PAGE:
6.5/10
2,881
16 user 25 critic

Kray (2010)

In 1945, Soviet war hero Ignat is sent to work as a locomotive mechanic in a Siberian labor camp where he meets an assortment of Germans and Russians.

Director:

Aleksey Uchitel
Reviews
Nominated for 1 Golden Globe. Another 9 wins & 14 nominations. See more awards »

Photos

Edit

Cast

Cast overview, first billed only:
Vladimir Mashkov ... Ignat
Anjorka Strechel ... Elza
Yuliya Peresild ... Sofiya
Sergey Garmash ... Major Fishman
Aleksey Gorbunov ... Kolivanov
Vyacheslav Krikunov Vyacheslav Krikunov ... Stepan
Aleksandr Bashirov ... Zilkin
Evgeniy Tkachuk ... Borka
Vladas Bagdonas ... Butkus
Anna Ukolova ... Matilda
Ruben Karapetyan Ruben Karapetyan ... Sarkisian
Vadim Yakovlev ... Feldsher
Axel Schrick Axel Schrick ... Haneke
Timm Sebastian Peltner Timm Sebastian Peltner ... Gustav
Boris Lapidus Boris Lapidus ... Kochegar
Edit

Storyline

The action takes place shortly after the end of the Second World War in the Siberian hinterland, among Russians and Germans with damaged personal stories and a strange transformation: the victors seem to be crawling into the skins of the defeated, and vice versa. Ignat, is the embodiment of the larger-than-life image of the Soviet victorious warrior who, in fact, proves to be shell-shocked, sick and broken, although not completely destroyed. Trains become fetish for the heroes of the film, and speed becomes a mania; they virtually become one with their steam engines, while the machines take on human names. The heroes set up an almost fatal race in the Siberian forest, risking their own lives and those of others. Written by Anonymous

Plot Summary | Add Synopsis


Certificate:

Not Rated | See all certifications »

Parents Guide:

View content advisory »
Edit

Did You Know?

Trivia

Film was nominated for the 2010 Golden Globe Award for Best Foreign Language Film. See more »

Connections

Referenced in Pozner: Vladimir Mashkov (2010) See more »

User Reviews

 
Best train chases since Buster Keaton's The General
12 September 2010 | by javaman-7See all my reviews

I saw this at the Toronto film festival on September 11, 2010, under the title, "The Edge". I walked in prepared for a heavy dose of Russian gloom. I like Russian literature, especially Chekhov, but I'm always reminded of these lines from a David Massengill song: "What's wrong with the Russians? Have you read their novels? They all die in brothels." In this case, there is nothing wrong with the Russians. This movie grabs you from the start and doesn't let go. Don't get me wrong, this is not a lighthearted movie; it has serious subject matter and complex issues that the characters must deal with . . . and there is plenty of gloom to go around.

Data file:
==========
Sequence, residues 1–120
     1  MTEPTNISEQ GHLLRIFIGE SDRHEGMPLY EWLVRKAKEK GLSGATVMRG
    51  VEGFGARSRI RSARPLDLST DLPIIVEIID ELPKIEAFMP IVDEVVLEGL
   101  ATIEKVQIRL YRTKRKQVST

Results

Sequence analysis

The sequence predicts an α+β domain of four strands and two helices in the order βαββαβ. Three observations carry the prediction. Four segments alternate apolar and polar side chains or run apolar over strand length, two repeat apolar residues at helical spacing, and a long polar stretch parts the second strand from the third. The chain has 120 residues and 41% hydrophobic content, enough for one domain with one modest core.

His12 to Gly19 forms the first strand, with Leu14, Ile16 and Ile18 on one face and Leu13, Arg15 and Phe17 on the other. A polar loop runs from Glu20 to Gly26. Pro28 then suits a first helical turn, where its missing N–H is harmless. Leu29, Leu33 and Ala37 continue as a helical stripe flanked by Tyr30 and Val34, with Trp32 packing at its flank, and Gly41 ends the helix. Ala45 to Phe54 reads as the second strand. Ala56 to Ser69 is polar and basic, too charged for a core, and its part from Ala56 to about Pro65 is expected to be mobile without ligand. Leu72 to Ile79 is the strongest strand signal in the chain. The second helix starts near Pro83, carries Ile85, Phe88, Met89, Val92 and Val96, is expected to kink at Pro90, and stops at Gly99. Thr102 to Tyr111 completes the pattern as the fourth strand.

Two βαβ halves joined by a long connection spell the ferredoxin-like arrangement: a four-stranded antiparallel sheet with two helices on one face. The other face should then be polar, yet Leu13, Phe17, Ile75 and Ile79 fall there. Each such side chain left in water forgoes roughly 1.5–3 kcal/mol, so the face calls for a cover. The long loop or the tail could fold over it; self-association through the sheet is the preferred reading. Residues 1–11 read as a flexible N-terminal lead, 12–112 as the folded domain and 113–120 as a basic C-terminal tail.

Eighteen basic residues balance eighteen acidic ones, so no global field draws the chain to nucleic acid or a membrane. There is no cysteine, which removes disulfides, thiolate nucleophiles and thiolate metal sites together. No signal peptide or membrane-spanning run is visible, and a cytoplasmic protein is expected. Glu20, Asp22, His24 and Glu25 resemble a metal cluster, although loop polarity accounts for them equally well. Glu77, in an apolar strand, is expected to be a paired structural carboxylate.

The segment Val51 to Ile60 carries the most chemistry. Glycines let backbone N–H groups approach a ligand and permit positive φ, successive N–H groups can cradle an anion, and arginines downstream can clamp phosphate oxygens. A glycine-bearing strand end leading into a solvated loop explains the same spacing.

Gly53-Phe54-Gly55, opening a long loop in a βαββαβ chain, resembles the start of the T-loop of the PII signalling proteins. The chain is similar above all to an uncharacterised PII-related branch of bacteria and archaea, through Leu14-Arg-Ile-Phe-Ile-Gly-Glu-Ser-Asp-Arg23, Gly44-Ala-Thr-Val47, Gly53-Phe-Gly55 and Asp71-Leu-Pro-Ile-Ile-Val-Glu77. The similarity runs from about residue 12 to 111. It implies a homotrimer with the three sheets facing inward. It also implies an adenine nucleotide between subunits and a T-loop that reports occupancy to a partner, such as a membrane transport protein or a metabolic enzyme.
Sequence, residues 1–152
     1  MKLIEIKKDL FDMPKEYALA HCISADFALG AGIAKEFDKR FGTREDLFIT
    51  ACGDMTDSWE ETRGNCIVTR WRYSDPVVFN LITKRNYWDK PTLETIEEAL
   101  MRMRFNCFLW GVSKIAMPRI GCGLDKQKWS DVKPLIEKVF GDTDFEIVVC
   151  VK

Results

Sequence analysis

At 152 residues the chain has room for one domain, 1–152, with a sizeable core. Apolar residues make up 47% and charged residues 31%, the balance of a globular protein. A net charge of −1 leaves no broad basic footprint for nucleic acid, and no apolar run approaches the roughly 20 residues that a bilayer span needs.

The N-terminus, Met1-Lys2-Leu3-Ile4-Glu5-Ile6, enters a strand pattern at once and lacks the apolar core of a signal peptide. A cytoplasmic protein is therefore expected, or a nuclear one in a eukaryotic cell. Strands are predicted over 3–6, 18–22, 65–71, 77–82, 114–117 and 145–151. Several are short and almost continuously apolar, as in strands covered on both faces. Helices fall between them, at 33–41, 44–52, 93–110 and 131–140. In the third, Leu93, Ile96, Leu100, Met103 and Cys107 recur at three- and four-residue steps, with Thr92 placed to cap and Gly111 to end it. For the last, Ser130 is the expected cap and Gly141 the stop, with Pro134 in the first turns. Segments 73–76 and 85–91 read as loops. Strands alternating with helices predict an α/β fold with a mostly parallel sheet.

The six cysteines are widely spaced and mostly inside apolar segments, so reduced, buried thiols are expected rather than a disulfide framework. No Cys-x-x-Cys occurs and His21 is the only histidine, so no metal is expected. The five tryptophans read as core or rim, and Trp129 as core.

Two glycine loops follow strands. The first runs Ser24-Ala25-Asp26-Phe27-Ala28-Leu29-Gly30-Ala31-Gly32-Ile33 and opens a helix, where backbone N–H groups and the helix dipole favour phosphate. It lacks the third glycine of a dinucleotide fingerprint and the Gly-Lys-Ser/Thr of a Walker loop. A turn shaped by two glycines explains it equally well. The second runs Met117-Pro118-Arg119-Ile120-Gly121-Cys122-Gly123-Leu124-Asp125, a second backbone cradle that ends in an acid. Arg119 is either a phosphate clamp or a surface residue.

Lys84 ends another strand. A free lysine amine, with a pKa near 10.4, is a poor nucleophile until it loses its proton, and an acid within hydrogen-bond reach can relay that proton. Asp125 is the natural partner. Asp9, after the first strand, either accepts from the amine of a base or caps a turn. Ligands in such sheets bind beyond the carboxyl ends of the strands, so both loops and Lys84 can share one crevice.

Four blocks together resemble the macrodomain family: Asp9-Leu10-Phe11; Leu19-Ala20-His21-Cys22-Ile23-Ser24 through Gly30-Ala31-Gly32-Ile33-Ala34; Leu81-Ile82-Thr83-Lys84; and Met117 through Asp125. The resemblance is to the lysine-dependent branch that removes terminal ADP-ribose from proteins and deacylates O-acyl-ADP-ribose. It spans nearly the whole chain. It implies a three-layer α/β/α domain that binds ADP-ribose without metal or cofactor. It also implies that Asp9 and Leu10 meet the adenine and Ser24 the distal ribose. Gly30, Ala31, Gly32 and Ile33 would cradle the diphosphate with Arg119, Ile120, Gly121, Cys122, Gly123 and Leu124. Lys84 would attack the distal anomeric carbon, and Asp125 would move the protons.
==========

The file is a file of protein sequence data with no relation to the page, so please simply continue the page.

Here is the situation in Siberia: At the beginning of World War II, while Stalin and Hitler were still honoring their non-aggression pact, Germans and Russians were co-existing in a remote labor camp. Eventually, Stalin sends his thugs to oust the Germans and declare the Russian inhabitants to be collaborators. At this point the film opens with a young girl running for her life. Four years later, the fighting is over and a Soviet war hero has arrived to work on the town's steam engine. The only Germans left are the illegitimate child of one of the Russian women . . . and don't forget that running girl.

I found myself missing some of the subtitles because I could not take my eyes of the compelling characters and the actors who play them. The standouts are Vladimir Mashkov as the hero and Anjorka Strechel and Yulia Peresild as the women who love/hate him. But his true passion is the steam engine, which he races through the snowy Siberian woods.

The steam locomotive chase sequences are the best put on film since Buster Keaton spectacularly crashed a Union train into Oregon's Rock River in The General (1927). It's as though director Uchitel is rebuilding the train and the bridge Keaton destroyed eight decades ago and a half a world away.

Unlike Keaton's masterpiece, which should have won an Oscar in 1927, this film is Russia's entry into the 2010 Best Foreign Film Oscar competition.


74 of 88 people found this review helpful.  Was this review helpful to you? | Report this
Review this title | See all 16 user reviews »

Frequently Asked Questions

This FAQ is empty. Add the first question.
Edit

Details

Country:

Russia

Language:

Russian | German

Release Date:

23 September 2010 (Russia) See more »

Also Known As:

Gustav See more »

Filming Locations:

Russia

Edit

Box Office

Budget:

$11,000,000 (estimated)

Cumulative Worldwide Gross:

$5,380,142
See more on IMDbPro »

Company Credits

Show more on IMDbPro »

Technical Specs

Runtime:

Sound Mix:

Dolby Digital

Color:

Color

Aspect Ratio:

1.85 : 1
See full technical specs »

Contribute to This Page

Holiday Movies on Prime Video for the Whole Family

Prime Video has you covered this holiday season with movies for the family. Here are some of our picks to get you in the spirit.

Get some picks



Recently Viewed